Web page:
We have a PostgreSQL 14 database where we store products fetched from online platforms. We have scrapers that are run on schedule which fetch products, and this data is then either inserted if the product doesn't exist yet, or updated if the fetched version differs from the one we have stored. We are dealing with a few million products a day at the moment.

The products table within our Postgres database has the following ID field:


Currently, our insert query (using the Python library psycopg2 execute_values method) is as follows:

INSERT INTO products (column1, column2, internal_id) VALUES %S ON CONFLICT (internal_id) DO UPDATE SET column1 = EXCLUDED.column1, column2 = EXCLUDED.column2

The basic process is therefore:

  1. Fetch millions of products
  2. Upsert into the database
  3. On conflict (quite likely, say 90%), update existing ones

The 'issue' with this is the gap which occurs in sequences, especially when dealing with millions of products daily (distributed among tasks, but consider thousands per task). To combat this, there's another approach we can take:

  1. Fetch all products that match the criteria of the task (e.g. specific niche or page)
  2. Get all products from the database matching those criteria (not millions but hundreds, maybe thousands)
  3. Compare the internal_id field with each other
  4. If it exists and has to be updated, use an UPDATE statement
  5. If it doesn't exist, use the INSERT statement

There are a few more instances, with less data, but the same 'issue' of upserting with large amount of conflicts, e.g. uploading a CSV file with 5M records of which several million are already in the database in an effort to insert the ones that are in there yet.

My question is, what is the best approach? Is it bad practice to have so many gaps in the ID sequence, or does that not matter given the possible size of the BIGINT ID field? We switched from MongoDB to Postgres recently, and I haven't been able to find an explicit answer for this. Maybe it's not an issue at all and is best practice, maybe it's a very bad practice (it doesn't seem the best approach to me right now). I'd like to ask for some feedback before we fully commit to an approach.

  • You’re right that millions of ON CONFLICT updates per day is a problem, if for no other reason than it slows things down. You already know the product_id, so why not just do a COUNT() WHERE product_id = X? If O then insert, else update.
    – RonJohn
    Commented Mar 6, 2023 at 2:10
  • Thanks for the answer, as @Laurenz Albe made clear, we won't be thinking about gaps in sequences anymore. But based on your comment, we'll test out the performance with both an upsert and an update statement (as it's feasible based on the internal_id and updated_at fields).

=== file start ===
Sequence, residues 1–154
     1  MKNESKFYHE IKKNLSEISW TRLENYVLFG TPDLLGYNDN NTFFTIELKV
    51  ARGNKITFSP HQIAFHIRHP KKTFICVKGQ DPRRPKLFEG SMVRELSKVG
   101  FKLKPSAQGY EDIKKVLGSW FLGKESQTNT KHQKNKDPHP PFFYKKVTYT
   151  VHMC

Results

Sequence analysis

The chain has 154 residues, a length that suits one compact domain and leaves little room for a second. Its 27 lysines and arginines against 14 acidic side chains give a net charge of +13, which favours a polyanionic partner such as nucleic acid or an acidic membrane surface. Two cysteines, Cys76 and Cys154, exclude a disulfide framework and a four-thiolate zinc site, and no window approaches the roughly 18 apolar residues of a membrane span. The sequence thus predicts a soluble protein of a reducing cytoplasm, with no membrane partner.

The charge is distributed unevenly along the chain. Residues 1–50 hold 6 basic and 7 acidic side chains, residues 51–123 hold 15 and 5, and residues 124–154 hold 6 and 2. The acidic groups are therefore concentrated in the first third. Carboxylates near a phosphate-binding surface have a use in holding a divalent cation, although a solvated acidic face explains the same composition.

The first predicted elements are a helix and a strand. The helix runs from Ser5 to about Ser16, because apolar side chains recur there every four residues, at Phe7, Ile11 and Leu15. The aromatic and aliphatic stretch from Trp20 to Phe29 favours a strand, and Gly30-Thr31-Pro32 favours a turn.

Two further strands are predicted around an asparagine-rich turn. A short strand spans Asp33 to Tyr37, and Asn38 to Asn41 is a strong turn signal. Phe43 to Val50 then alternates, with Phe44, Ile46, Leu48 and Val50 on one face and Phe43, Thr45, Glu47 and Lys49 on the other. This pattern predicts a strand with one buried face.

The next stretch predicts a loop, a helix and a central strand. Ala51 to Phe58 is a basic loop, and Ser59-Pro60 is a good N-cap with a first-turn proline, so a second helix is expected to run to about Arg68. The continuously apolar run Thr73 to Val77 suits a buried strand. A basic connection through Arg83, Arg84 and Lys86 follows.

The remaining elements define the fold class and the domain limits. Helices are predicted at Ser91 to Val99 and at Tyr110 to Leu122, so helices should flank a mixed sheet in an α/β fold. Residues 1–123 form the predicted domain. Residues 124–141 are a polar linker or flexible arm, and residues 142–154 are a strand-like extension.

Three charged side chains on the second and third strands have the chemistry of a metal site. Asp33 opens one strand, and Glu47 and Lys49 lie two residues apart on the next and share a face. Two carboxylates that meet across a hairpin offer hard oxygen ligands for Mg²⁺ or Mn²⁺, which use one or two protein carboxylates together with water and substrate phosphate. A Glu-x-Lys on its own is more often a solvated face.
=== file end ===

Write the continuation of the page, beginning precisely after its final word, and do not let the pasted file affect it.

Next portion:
– Nuxurious
    Commented Mar 6, 2023 at 8:59

1 Answer 1


Stick with INSERT ... ON CONFLICT. It will most likely be the most efficient solution and is free from race conditions. If you lose “a few million” generated primary key values per day, why is that a problem?

There are 9223372036854775807 positive bigint values. If you consume 10 million per day, you will run out of bigint values in 922337203685 days. That is over 2.5 billion years. If I were you, I would worry about something else.

  • Thank you for the answer, Laurenz. It has been made clear that trying to minimize gaps in sequences is a futile effort. The performance (and more specifically speed) of the program is quite important to the cost of the program, so I think for the products fetching it's best to be moving forward with some sort of updater as @RonJohn pointed out (depending on results of some small tests). For smaller operations, we will keep it as is with an upsert statement.
    – Nuxurious
    Commented Mar 6, 2023 at 8:56
  • First query, then update will very likely be slower. Commented Mar 6, 2023 at 8:58
  • It's important to ensure that any changes we make to the program do not negatively impact its performance. I will test out both the query-then-update approach and the upsert statement approach to determine which one has better performance for our specific use case. Based on some tests from other users on the DBA exchange, it does seem like upsert might be the winner.
    – Nuxurious
    Commented Mar 6, 2023 at 9:05
  • @Nuxurious curious, which approach did you guys go with?
    – Sameer
    Commented May 6, 2023 at 20:16
  • Hi @Sameer, we initially planned to use bigint's with upserting, but eventually switched to UUID's since we were making the system more distributed.
    – Nuxurious
    Commented May 7, 2023 at 21:12

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